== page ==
guests each Tuesday.



that Thursday'sl

Variety And Humor Glamorize
The Lives Of Backstage Workers


holiday was but

PLEDGE FORMALS seemed to highlight all week-end activity with Theta
Phi Alpha's at Barton Hills according the limelight to Gloria Nelthorpe
and Dick O'Hara, Betty Irving and Joe Hession, and Olga Manikoff and
Bob Smolenski. Ruth Parsons with brothger Bob entertained guests Mary
Hayden with Bill Dobson.
Down at Columbus making merry over the football kill Saturday night
'l were Milly Radford and Ian Ironside, who took over
S0 * the city's famous Catacombs with Lucille Woodward
and Paul Smith, Ann Rhoads and Norman Aurbach.
The spooky atmosphere of the night club, which won
a play in a recent issue of ife because of its "Room
of 1000 Skulls", also attracted Jack Sherrill, Mich-
igan's drum major, who was stagging it with a crowd
of bandsmen.
nimble legs to the dance floor of a Columbus hotel
with Winclgellized Margot Thom in tow.
MAKING A LONELY TWOSOME in downtown Ann Arbor Friday were
Al Daring and Dorothy Brooks . . . Claire Reed-Hill and Bill Schust
tripled with Margerie Ashley, John Larenzo, Rae Gustafson and John
Rookus dining, movieing and bowling . . . The Football Mixer at the League
Saturday afternoon swelled its numbers with Sue Hollis and Ries Heller,
Dave Panner and Ada Turner ... The Union fling Saturday night rounded
up Mary Dixon and Newton Webb, BMOC Bill Rockwell and his Detroit
date Jeanne Borden, Ruth Fitzpatrick and Bob Wheaton,
Joanne Baker and Bob Hacket.
* * *
T HE PHI SIGMA SIGMAS had an out-of-town date,
orgy Sunday night with president Beverly Sadwith
theatre-going with Dr. Al Freedman of Flint, Elaine Ross
with Kenneth Wax of Chicago, and Reva Fromkin with;
Joe Gilbert. Shirley Kaplan and Cyril Green adhered
to local talent trailing behind with Sandors Goodsteinr
and Herm Epstein respectively.
Putting the finishing touches to the week-end that
same night at the Art Cinema League's German film were
Anita Newblatt and Jerry Wilner, of Flint'. . . Hitting
the cokeries were Virginia Moore and George Castel, Barbara Acorn and
Carl Barry, Barbara Clark and Milt Coulson.

Ruthven Tea
Will Be Held
League Group To Be In Charge
Of Social Function Tomorrow
The entire student body has been
invited to attend the second in the
series of teas which will be held from
4 p.m. to 6 p.m. tomorrow at the
home of President and Mrs. Ruthven,
Virginia Osgood, '41, chairman of the
social committee of the League, an-f
nounced yesterday.
Group I of the committee which in-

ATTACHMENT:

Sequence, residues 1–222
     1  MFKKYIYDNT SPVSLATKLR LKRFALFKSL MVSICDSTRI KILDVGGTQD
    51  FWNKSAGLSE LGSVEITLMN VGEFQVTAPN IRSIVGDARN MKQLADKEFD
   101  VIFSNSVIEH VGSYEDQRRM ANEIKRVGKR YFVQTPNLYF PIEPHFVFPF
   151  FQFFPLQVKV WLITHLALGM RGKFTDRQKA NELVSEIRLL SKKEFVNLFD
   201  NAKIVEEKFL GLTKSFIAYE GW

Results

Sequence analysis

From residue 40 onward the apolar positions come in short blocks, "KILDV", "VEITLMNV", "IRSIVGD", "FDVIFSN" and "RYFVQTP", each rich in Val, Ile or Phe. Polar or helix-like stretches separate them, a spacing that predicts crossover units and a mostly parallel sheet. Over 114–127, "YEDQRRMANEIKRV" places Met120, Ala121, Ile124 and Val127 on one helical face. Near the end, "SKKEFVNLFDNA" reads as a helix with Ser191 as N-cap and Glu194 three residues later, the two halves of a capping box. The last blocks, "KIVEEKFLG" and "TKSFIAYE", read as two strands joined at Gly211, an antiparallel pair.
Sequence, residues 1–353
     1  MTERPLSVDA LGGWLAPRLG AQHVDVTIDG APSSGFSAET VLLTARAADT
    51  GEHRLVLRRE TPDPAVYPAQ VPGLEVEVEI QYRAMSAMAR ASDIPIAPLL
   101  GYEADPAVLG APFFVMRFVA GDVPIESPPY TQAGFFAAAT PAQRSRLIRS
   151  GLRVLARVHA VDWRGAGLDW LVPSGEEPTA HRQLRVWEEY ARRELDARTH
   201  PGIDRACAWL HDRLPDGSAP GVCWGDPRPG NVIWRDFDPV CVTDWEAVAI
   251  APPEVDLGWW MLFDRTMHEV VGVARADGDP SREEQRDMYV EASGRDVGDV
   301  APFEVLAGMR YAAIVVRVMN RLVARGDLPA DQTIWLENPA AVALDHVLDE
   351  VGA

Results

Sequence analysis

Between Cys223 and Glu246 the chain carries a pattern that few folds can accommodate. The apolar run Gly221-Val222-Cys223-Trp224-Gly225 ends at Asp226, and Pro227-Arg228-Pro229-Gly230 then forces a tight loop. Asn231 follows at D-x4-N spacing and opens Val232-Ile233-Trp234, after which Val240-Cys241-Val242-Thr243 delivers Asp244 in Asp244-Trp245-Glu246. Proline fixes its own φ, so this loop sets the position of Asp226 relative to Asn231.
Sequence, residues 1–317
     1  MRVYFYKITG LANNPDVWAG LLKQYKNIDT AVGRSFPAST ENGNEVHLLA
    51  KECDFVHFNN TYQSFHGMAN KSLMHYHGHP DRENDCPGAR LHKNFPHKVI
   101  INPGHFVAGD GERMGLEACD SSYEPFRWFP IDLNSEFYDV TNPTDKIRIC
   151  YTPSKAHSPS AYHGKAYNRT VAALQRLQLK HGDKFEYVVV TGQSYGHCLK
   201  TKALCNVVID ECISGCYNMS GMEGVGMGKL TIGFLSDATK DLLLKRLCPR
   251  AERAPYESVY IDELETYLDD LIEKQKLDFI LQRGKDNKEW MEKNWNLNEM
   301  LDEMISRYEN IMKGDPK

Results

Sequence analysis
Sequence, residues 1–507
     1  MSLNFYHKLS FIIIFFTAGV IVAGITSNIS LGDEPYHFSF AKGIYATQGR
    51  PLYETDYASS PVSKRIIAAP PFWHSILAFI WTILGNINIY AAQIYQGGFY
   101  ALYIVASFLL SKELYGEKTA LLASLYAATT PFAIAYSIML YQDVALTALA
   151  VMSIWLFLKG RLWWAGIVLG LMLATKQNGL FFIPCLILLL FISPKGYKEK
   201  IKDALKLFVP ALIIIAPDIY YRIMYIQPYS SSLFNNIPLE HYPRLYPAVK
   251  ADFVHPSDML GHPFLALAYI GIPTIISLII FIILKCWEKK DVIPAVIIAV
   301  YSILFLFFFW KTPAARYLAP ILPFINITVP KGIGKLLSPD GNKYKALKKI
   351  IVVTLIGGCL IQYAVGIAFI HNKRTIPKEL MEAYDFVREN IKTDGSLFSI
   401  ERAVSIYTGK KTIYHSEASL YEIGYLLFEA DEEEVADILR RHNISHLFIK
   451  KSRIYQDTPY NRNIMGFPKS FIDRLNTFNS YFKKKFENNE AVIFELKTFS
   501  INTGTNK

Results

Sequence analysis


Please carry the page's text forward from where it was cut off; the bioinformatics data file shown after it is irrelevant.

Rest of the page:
cludes members whose names begin
with the letters A-E will be in charge
of the tea. The group is under the
n imnvl~i^-0 ~nf -:sT-l---- S'

There is glamor and excitement in
going "backstage" where one can see
the machinery of a play inioperation.
Stage costumers., thewmake-upstaff,
lh and "scnery technicians are all
busy. A story in themselvces are the
scavenger hunters of thie theatre -the
properties staff. It is upk to this inde-
spensible unit of the stage clockwork
to see that each player has the pro-
perties he needs at the right time;
that props are on the stage where and
when they should be.
On campus "prop men" of the Chil-
dren's Theatre have been asked for
everything from see-saws to a live cat.
The latter, Cricket by name, got his
stage experience in the Theatre's pro-
duction "Dick Whittington and His
Cat" last year when Cricket spent
some of his time on stage in fear,
trembling, biting and scratching, in-
stead of as a loving, purring pet. Up-
on one occasion his master had to
stroke air when the cat disappeared
from his basket. Cricket reformed'
this year for "The Princess and the
Pea" in which he appeared enclosed
in a silver platter, The only diffi-
culty experienced was in getting the
cat completely covered, paws, whis-
kers, tail and all.
Rubber Wheeled Skates Needed
On call for ths year's initial pro-
duction too were hard rubber wheeled
roller skates, necessarily hard rubber
to prevent floor scratches. Eventually
this request required a visit to a local
roller skating rink and a tryout by
the two youthful dates of the Theatre-
Arts properties chairman, Elaine
Fisher, '42. Plates of food required
for "The Princess and the Pea" neces-
sitated a candy purchase-and con-
siderable plate balancing on the part
of the skating waiters. Pillars from
the School of Architecture and mat-
tresses from a sorority house had to
be brought in for the same play.
Last year the properties staff found
itself turned into an emergency car-
pentry crew when six see-saws from